As with domestic wastewater, sludge removal and CH4 recovery should be treated consistently across years in the time series. CH4 recovery should be included only if there are facility-specific data. The quantity of recovered CH4 should be subtracted from the CH4 produced as shown in Equation 6.4. Uncertainties

Uncertainty estimates for Bo, MCF, P, W and COD are provided in Table 6.10. The estimates are based on expert judgement.

Table 6.10

Default uncertainty ranges for industrial wastewater


Uncertainty Range

Emission Factor

Maximum CH4 producing capacity (Bo)

± 30%

Methane correction factor (MCF)

The uncertainty range should be determined by expert judgement, bearing in mind that this is a fraction and uncertainties cannot take it outside the range of 0 to 1.

Activity Data

Industrial production (P)

± 25% Use expert judgement regarding the quality of data source to assign more accurate uncertainty range.

Wastewater/unit production (W)

These data can be very uncertain as the same sector might use different waste handling procedures at different plants and in different countries. The product of the parameters (W^COD) is expected to have less uncertainty. An uncertainty value can be attributed directly to kg COD/tonne of product. -50 %, +100% is suggested (i.e., a factor of 2).

COD/unit wastewater (COD)

Source: Judgement by Expert Group (Co-chairs, Editors and Authors of this sector). QA/QC, Completeness, Reporting and Documentation

It is good practice to conduct quality control checks and quality assurance procedures as outlined in Chapter 6,

QA/QC and Verification, of Volume 1. Below, some fundamental QA/QC procedures include:

• For industrial wastewater, inventory compilers may review the secondary data sets (e.g., from national statistics, regulatory agencies, wastewater treatment associations or industry associations) , that are used to estimate and rank industrial COD waste output. Some countries may have regulatory control over industrial discharges, in which cases significant QA/QC protocols may already be in place for the development of the wastewater characteristics on an industry basis.

• For industrial wastewater, inventory compilers should cross-check values for MCFs against those from other national inventories with similar wastewater characteristics.

• The inventory compilers should review facility-specific data on CH4 recovery to ensure that it was reported according to criteria on measurements outlined in Chapter 2, Approaches to Data Collection, in Volume 1.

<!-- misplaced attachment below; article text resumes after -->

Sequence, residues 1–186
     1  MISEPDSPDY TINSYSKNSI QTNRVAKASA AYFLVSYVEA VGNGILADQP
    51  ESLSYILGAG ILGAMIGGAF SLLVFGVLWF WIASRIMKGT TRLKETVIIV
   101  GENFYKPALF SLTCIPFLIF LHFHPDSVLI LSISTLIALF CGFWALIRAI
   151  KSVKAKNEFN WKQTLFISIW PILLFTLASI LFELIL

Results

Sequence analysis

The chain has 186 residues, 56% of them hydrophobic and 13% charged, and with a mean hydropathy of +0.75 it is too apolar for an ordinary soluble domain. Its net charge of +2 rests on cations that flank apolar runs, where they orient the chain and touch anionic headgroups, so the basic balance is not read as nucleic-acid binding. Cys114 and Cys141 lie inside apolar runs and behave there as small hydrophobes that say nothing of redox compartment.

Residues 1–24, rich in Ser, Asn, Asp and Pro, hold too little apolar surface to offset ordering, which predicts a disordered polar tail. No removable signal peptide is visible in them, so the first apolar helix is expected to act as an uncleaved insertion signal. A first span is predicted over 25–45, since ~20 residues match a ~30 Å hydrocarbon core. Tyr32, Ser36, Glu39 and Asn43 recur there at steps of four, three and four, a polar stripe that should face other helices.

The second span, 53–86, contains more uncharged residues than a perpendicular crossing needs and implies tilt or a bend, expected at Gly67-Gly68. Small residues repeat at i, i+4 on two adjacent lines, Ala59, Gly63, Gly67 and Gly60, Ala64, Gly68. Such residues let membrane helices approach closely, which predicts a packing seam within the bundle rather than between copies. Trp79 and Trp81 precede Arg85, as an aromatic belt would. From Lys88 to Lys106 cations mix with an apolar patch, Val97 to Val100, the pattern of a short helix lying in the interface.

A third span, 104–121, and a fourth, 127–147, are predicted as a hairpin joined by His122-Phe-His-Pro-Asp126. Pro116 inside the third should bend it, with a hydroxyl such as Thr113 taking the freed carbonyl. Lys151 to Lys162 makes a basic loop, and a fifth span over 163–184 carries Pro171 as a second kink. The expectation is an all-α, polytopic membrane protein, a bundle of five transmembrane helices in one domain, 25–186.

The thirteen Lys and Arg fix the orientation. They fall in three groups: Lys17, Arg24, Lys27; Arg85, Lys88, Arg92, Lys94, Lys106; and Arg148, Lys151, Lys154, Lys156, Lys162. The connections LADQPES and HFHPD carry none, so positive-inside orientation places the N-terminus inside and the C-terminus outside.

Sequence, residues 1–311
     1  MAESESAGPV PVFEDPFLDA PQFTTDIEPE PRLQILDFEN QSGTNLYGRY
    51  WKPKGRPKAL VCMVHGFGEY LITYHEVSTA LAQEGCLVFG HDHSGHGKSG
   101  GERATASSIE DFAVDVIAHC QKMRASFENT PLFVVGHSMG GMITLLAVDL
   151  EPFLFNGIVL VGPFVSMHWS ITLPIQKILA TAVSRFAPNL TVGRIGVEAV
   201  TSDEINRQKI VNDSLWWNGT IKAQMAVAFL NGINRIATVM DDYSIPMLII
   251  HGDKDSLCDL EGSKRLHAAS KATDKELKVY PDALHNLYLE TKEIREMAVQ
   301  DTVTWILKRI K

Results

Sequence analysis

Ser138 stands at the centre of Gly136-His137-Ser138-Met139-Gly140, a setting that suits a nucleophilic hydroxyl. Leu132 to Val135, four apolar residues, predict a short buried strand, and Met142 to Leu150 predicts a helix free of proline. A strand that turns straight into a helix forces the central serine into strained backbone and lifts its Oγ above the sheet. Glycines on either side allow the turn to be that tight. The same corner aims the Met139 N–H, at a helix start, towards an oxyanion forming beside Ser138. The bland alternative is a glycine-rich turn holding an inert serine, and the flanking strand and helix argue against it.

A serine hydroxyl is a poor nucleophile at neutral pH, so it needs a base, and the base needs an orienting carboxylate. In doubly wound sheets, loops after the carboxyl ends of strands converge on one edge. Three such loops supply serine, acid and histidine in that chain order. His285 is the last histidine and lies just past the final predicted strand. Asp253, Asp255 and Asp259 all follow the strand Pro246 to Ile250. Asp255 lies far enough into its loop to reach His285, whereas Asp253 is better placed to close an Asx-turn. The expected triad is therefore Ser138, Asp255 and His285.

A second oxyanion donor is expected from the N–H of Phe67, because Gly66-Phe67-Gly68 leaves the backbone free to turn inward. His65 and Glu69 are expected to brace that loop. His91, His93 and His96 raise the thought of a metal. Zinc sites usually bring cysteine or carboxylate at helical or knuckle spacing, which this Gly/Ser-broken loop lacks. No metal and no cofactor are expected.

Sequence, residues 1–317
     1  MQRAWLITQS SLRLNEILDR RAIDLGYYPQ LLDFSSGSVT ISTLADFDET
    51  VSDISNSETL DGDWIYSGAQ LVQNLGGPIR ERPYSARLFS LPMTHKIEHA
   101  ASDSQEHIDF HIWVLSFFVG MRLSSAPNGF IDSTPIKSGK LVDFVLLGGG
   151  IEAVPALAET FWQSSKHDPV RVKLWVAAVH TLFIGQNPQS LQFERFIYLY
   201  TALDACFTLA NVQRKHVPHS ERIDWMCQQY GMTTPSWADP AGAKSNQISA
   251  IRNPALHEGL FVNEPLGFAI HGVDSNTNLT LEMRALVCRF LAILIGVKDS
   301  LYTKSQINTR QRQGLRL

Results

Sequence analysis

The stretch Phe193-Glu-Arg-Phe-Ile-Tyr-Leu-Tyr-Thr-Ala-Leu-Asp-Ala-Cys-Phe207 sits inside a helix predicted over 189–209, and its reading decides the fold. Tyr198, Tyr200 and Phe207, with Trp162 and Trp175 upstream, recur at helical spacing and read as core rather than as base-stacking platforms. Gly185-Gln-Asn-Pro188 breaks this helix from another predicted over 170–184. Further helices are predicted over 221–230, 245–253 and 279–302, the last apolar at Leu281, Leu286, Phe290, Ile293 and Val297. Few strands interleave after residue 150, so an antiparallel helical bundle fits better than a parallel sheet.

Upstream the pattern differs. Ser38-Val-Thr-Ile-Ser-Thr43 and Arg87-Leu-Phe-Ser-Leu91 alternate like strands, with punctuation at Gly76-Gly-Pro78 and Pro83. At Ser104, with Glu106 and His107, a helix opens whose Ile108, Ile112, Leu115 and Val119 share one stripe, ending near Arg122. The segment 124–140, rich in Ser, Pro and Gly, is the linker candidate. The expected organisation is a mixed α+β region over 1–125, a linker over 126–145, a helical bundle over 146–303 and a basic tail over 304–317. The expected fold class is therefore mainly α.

• Use a carbon balance check to ensure that the carbon contained in CH4 recovery is less than the carbon contained in BOD entering the facility that reports CH4 recovery.

• If sludge removal is reported in the wastewater inventory, check for consistency with the estimates for sludge applied to agriculture soils, sludge incinerated, and sludge deposited in solid waste disposal.

• For countries that use country-specific parameters or higher tier methods, inventory compilers should crosscheck the national estimates with emissions using the IPCC default method and parameters.


Completeness for estimating emissions from industrial wastewater depends on an accurate characterization of industrial sectors that produce organic wastewater. In most countries, approximately 3-4 industrial sectors will account for the majority of the organic wastewater volume, so the inventory compilers should ensure that these sectors are covered. Periodically, the inventory compilers should re-survey industrial sources, particularly if some industries are growing rapidly.

This category should only cover industrial wastewater treated onsite. Emissions from industrial wastewater released into domestic sewer systems should be addressed and included with domestic wastewater.

Some sludge from industrial wastewater treatment may be incinerated or deposited in landfills or on agricultural lands. This constitutes an amount of organic waste that should be subtracted from available TOW. It is good practice to be consistent across sectors: the amount of sludge that is removed from TOW should be equal to the amount of sludge disposed at landfills, applied to agricultural soils, incinerated or treated elsewhere.


It is good practice to document and report a summary of the methods used, activity data and emission factors. Worksheets are provided at the end of this volume. When country-specific methods and/or emission factors are used, the reasoning for the choices as well as references to how the country-specific data (measurements, literature, expert judgement, etc.) have been derived (measurements, literature, expert judgement, etc.) should be documented and included in the reporting.

If sludge is incinerated, landfilled, or spread on agricultural lands, the quantities of sludge and associated emissions should be reported in the waste incineration, SWDS, or agricultural categories, respectively.

If CH4 recovery data are available for industrial wastewater treatment, these should be documented for flaring and energy recovery separately. The treatment of recovered CH4 and how to report emissions from flaring should be the same as the guidance for domestic wastewater in Section

More information on reporting and documentation can be found in Volume 1, Chapter 6, Section 6.11 Documentation, archiving and reporting.